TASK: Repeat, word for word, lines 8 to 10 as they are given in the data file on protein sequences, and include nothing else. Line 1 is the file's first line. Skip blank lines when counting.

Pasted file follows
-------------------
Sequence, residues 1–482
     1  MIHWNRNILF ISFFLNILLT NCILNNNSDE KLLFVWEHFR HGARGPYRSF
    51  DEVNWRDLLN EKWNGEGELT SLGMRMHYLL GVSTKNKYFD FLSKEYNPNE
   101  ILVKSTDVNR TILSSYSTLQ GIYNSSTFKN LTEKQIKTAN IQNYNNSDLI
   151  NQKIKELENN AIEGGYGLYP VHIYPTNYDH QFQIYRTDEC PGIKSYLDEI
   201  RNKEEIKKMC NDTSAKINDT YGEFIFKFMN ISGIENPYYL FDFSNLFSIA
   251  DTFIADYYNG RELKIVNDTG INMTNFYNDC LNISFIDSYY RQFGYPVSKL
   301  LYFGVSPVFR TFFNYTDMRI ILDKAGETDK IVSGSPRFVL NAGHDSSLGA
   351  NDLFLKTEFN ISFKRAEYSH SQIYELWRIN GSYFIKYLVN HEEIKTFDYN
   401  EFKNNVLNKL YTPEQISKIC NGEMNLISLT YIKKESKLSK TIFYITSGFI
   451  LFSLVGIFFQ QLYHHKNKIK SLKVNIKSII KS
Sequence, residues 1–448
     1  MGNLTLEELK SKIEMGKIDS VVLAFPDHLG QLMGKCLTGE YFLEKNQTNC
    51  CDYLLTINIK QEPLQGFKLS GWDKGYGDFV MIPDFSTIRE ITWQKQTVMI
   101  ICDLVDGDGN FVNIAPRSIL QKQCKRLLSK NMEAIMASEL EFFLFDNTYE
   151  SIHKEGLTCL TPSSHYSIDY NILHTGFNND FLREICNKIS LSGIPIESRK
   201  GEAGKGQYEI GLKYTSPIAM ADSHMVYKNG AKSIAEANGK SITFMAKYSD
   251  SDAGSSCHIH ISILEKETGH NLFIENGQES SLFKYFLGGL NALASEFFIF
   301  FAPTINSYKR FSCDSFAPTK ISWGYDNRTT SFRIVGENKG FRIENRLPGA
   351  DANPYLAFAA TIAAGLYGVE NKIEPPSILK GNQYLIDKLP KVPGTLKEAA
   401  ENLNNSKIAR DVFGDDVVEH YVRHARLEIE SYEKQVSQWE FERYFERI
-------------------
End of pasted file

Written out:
   301  LYFGVSPVFR TFFNYTDMRI ILDKAGETDK IVSGSPRFVL NAGHDSSLGA
   351  NDLFLKTEFN ISFKRAEYSH SQIYELWRIN GSYFIKYLVN HEEIKTFDYN
   401  EFKNNVLNKL YTPEQISKIC NGEMNLISLT YIKKESKLSK TIFYITSGFI